Thursday, 23 August 2007

ESB Wednesday: "my Red Queen's map's better than yours"

Now we're seriously into the conference: the first full day of talks (without poster sessions, excursions etc.).

We kicked off with Douglas Schemske talking about evolution in the tropics. It's well known that the amount of diversity in the tropics is huge compared to the more temperate parts of the world. People have surveyed forest plots a few hectares large, and found a huge number of tree species - more than in the whole of North America. This has puzzled people, and there are several theories being kicked round. Schemske was arguing that the diversity is driven by biotic interactions - i.e. predators eating prey, plants living in a mutualistic interaction with ants, pathogens living off hosts etc. His claim is that in colder regions, the main threats come from abiotic conditions (cold, frost, drought etc.), so species invest in reactions to those.

In the tropics, the environment isn't from inclement weather, but from other species, so a species has to adapt to overcome its predators, pathogens etc. This leads to an arms race - the predators and pathogens are also evolving as well. This sort of interaction is called the Red Queen hypothesis, from Alice Through the Looking Glass, where the Red Queen says

Now, here, you see, it takes all the running you can do, to keep in the same place.

Species have to keep evolving to keep half a step ahead of their competitors. In different parts of a species' range, the populations will be assailed by slightly different competitors, so will evolve in different ways (mimicry rings are a great example, wander around Jim Mallet's pages for a bit and you'll see why). This can then lead to speciation.

This sounds all well and good - more biodiversity leads to more biodiversity, but how does it get started? Schemske didn't address this problem. He did mention an alternative hypothesis to his, which is that the World has been tropical for most of the time there has been life, so the tropics may just be older, and hence had more time to produce more biodiversity, which has then exploded.

After the plenary, I spent most of my day listening to talks about mapping genes. A lot of them were "I got some DNA from a cross/several crosses, made a linkage map, compared it to once from a model species, and then mapped some genes". The quality of the maps improved over the day, and people found genes (a couple I wasn't convinced about, but hopefully they'll check further). One interesting point came from Hopi Hoekstra. She has been looking at genes for coat colour in a mouse, and found a locus affecting variation in the trait, and then found out that it wasn't in the protein sequence, it was in the regulatory region (i.e. the part of the genome that controls when a gene is switched on and off). I liked this, as I've been wondering if regulatory sequences will appear in these sorts of analyses.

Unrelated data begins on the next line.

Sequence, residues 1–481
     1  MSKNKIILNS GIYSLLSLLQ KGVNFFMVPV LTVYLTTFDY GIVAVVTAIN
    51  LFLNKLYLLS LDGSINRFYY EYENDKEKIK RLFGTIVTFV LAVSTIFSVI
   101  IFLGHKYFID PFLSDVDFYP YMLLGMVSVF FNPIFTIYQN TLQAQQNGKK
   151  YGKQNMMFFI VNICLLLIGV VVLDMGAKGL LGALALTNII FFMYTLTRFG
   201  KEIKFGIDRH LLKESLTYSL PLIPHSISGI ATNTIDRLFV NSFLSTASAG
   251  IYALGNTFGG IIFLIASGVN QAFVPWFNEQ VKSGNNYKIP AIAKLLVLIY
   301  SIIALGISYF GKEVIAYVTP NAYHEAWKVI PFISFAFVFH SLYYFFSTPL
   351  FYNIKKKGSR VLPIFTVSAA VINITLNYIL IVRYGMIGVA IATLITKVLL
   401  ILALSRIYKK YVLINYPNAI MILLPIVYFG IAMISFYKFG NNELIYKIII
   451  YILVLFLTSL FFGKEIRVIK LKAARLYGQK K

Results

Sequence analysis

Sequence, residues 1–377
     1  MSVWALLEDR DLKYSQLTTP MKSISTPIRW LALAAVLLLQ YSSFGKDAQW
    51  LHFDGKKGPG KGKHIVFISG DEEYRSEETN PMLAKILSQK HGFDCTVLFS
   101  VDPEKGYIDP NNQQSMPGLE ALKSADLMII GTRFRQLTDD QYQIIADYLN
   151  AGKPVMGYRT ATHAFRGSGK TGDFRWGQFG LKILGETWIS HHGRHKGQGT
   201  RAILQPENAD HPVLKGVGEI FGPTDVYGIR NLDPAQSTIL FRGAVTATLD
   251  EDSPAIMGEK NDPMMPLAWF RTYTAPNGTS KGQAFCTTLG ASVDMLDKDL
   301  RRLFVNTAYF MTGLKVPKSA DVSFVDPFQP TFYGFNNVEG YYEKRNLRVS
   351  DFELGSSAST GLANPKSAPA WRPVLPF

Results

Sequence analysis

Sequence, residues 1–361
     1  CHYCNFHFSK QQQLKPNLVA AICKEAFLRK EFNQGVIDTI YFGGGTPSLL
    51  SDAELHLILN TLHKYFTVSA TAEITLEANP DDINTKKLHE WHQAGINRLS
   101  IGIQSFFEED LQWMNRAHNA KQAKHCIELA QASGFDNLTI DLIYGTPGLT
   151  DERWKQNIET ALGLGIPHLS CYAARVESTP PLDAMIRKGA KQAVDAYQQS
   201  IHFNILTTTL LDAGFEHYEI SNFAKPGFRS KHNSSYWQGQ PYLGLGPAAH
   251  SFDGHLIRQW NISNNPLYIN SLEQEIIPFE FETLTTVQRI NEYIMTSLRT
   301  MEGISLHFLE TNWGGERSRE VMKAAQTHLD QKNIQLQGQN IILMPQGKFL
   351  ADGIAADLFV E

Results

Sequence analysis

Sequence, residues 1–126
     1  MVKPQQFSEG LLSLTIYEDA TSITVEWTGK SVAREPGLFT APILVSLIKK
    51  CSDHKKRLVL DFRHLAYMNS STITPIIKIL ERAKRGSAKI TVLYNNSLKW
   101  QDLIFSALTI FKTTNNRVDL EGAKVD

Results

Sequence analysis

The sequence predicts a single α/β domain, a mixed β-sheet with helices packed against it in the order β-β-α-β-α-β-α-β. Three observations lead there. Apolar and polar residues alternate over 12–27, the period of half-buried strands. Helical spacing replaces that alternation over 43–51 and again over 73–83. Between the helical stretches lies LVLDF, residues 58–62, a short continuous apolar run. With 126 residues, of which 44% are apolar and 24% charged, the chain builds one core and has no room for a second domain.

The non-mapping talk I went to was by Leonard Nunney. He has been working on Haldane's dilemma, which sets a limit on the rate at which a population can evolve in a worstening population. He put this into the context of the Red Queen, because her full reply to Alice is:
Now, here, you see, it takes all the running you can do, to keep in the same place. If you want to get somewhere else, you must run at least twice as fast as that!

So, not only does one have to run as fast as you can to stay in the same place, but if the environment is changing, you have to run even quicker. Actually, this was the point of the original Red Queen paper (by Van Valen): that extinctions occur at roughly a constant rate, which suggests that species aren't adapting any better to the environment, presumably because the environment keeps on changing.

The evening presentation was by Steve Stearns (now of Yale) on how the ESEB was set up. Basically, a publisher wanted him to start a journal, but wanted a society behind it. So, he had to set up a society too...

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